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No One Needs a Coach


caneel executive coach

I'm a social scientist who helps people break out of the invisible traps and make whole-life changes easily and naturally.

Do you need a coach? Or does your cofounder? Your husband? Your direct report? That guy from your YC class?

How do you know who needs one? What would happen if you didn’t get one?

I’ve got an opinion on this. No, you do not need a coach.

Maybe you’ve been part of a conversation like this one, like many I’ve OH on Caltrain:

Startup founder: “So I’ve got this manager, and every day it’s a new problem with him. I keep telling him how to manage his team and he just doesn’t get it. If we lose another engineer under him I don’t know what I’m going to do.”

Startup founder’s friend: “He needs a coach.”

Okay, stop it right there.

Let’s get honest.

No one NEEDS a coach.


Now…. you might want a coach. Or you might want someone else to have a coach. But “need” is a strong word and one that is hardly ever true. It’s not objectively true that you “need” something. Need is not a terribly useful concept when it comes to something as delicate and complex as a human being.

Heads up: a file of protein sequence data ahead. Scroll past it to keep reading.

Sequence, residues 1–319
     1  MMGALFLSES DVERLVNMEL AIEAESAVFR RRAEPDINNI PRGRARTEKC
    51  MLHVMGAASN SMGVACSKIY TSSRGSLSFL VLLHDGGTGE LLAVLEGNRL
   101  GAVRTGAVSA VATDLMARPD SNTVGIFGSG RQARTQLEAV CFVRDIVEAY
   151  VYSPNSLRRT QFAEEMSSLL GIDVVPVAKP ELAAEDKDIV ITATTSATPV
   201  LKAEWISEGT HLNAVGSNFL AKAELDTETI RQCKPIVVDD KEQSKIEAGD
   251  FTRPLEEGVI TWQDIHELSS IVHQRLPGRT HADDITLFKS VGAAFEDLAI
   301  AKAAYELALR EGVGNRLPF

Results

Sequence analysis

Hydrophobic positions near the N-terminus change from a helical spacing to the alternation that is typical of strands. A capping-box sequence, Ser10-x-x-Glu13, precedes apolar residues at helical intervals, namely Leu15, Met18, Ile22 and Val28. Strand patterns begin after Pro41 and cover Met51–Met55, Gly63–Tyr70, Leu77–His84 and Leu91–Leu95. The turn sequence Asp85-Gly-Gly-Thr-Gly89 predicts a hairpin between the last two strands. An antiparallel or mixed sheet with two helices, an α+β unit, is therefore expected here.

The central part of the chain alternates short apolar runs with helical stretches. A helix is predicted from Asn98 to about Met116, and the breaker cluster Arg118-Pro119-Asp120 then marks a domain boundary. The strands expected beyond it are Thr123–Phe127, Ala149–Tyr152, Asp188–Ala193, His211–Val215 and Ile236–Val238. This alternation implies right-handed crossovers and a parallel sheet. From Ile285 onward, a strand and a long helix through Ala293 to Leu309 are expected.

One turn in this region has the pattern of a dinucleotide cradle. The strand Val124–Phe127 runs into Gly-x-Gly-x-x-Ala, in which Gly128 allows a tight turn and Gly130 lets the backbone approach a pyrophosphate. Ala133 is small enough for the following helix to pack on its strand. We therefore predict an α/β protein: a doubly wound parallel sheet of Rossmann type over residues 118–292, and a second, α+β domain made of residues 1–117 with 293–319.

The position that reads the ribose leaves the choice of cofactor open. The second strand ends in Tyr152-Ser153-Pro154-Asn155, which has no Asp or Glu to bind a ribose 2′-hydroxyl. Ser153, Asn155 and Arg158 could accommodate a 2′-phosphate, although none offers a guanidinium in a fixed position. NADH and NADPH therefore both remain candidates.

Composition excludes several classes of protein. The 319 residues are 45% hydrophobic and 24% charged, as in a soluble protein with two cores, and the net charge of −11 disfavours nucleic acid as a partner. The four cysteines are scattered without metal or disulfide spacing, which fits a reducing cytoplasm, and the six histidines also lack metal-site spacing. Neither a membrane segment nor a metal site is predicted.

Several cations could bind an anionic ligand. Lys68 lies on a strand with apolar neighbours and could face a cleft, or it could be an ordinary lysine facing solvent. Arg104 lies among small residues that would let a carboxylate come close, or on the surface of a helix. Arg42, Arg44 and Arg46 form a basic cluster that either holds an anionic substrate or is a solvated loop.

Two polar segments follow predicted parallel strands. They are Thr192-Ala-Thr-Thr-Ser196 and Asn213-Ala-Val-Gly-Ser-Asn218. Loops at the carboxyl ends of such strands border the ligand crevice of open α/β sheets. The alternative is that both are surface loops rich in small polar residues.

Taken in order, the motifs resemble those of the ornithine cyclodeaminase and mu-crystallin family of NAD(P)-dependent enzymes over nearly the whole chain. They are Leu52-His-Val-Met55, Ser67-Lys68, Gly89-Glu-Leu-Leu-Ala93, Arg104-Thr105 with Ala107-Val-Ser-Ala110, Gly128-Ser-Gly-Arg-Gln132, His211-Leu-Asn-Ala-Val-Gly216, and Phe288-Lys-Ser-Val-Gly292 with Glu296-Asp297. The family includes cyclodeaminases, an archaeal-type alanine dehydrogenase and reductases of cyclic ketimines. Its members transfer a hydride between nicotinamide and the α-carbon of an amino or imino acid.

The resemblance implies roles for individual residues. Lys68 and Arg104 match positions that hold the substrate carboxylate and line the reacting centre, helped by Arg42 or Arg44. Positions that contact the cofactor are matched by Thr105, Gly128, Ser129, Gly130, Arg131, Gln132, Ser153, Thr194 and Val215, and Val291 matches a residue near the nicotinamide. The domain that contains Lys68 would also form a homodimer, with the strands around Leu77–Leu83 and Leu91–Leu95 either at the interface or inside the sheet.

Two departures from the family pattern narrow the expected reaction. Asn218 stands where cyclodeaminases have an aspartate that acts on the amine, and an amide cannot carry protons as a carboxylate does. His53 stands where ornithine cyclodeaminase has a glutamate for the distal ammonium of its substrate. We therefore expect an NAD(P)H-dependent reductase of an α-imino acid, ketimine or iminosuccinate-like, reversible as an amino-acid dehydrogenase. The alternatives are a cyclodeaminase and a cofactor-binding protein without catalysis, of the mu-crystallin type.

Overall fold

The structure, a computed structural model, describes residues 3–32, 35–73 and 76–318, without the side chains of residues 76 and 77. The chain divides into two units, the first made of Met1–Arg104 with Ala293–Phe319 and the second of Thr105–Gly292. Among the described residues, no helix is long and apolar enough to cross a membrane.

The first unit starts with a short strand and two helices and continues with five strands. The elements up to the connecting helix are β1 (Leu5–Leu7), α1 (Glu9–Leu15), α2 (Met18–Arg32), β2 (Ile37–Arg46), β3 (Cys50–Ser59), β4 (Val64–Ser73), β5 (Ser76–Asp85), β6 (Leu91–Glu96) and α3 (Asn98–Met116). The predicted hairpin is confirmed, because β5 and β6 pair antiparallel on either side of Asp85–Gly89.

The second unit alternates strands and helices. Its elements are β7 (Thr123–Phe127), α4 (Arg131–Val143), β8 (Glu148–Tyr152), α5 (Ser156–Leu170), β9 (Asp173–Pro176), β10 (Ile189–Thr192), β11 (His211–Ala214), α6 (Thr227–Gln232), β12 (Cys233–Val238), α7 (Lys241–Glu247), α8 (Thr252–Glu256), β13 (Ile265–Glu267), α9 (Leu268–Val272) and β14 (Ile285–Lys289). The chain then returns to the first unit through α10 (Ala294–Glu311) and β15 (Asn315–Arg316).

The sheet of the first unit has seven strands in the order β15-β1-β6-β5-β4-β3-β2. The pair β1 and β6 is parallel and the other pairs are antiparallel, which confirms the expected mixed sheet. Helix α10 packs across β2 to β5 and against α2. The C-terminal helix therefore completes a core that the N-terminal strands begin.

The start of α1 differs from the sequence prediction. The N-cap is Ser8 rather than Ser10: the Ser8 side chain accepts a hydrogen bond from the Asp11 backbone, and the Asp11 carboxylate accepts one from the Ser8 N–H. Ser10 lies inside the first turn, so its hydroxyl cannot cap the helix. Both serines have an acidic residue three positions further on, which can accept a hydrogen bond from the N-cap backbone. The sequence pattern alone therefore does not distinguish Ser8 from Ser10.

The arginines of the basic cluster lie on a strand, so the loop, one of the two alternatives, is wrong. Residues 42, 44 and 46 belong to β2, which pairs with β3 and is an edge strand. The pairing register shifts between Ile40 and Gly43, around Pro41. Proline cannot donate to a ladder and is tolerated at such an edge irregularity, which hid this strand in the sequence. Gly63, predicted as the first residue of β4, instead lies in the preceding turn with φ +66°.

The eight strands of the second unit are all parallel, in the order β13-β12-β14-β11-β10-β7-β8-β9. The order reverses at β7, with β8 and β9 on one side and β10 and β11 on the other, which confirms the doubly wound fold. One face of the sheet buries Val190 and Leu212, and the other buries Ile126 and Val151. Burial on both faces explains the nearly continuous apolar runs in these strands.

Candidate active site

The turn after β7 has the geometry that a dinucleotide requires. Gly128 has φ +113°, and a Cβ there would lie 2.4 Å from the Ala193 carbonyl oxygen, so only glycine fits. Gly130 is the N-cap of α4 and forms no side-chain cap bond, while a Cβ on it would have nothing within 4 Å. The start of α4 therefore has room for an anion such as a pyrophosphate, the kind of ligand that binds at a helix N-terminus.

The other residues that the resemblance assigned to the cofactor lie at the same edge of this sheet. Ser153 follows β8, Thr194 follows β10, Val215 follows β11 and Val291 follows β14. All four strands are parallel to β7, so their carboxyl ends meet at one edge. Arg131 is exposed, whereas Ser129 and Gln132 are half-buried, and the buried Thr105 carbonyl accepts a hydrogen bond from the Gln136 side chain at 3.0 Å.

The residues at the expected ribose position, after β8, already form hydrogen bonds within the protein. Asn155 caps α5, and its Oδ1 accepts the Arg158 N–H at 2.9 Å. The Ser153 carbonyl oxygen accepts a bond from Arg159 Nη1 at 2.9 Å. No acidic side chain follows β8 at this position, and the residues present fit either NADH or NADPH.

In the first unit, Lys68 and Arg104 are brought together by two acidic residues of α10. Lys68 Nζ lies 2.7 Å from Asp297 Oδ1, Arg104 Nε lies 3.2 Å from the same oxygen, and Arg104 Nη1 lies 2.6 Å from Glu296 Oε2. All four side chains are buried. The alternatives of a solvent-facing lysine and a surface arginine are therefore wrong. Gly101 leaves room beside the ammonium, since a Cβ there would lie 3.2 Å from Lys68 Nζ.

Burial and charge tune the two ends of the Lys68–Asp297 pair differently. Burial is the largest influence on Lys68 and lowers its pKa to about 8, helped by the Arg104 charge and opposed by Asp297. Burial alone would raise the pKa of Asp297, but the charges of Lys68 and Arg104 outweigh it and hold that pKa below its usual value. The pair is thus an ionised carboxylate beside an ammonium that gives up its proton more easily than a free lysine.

Coaching is not a silver bullet. It can be a huge investment of money, time, and energy. Great coaching is amazing, and I’m the first to testify about that! But it’s not water, it’s not sleep, it’s not exercise or hugs or food. It’s a powerful element to add to a leader’s life, but even if your company implodes under your watch….


The sun will keep rising and setting. The earth will keep spinning. Yes, your family may struggle to make ends meet, but you’ll get clever and creative about providing for yourselves, and either grow closer or end the relationship in the process. As my own coach says, “The good news is, you can’t fuck it up. Either way, you’ll learn.”


Might a coach help a struggling manager find his footing and be more effective? Maybe, if the manager is interested in growing in his self-awareness and open to changing his behavior to get different results.

But if he’s not interested in working with a coach….. then all you can do is to invite him into exploration. (Most people don’t respond well to lines in the sand when it comes to vulnerability and self-examination, so encourage but give space and do your best to trust the process.)

And if you mention coaching, and explain why you think it’s helpful for most leaders (managing people or not), and maybe it would helpful for him, and you even share your own positive experiences being coached (and maybe even get vulnerable too), and he still doesn’t bite?

Get over it. Consider the possibility that it’s you who wants a coach or that it’s just not the right time.

Today, he’s not interested. He’s not willing.

And in coaching, as in all of life, willingness is everything.

I’ve coached countless founders, executives, leaders, and managers since I pivoted out of leading startups and into supporting them as a coach.

People often ask me, “Who are your clients?”

My answer is, “I coach the willing.”

When a VC calls me and says “I’ve got this founder and she needs coaching. Can you help?” I usually say “Possibly. Does she want a coach?”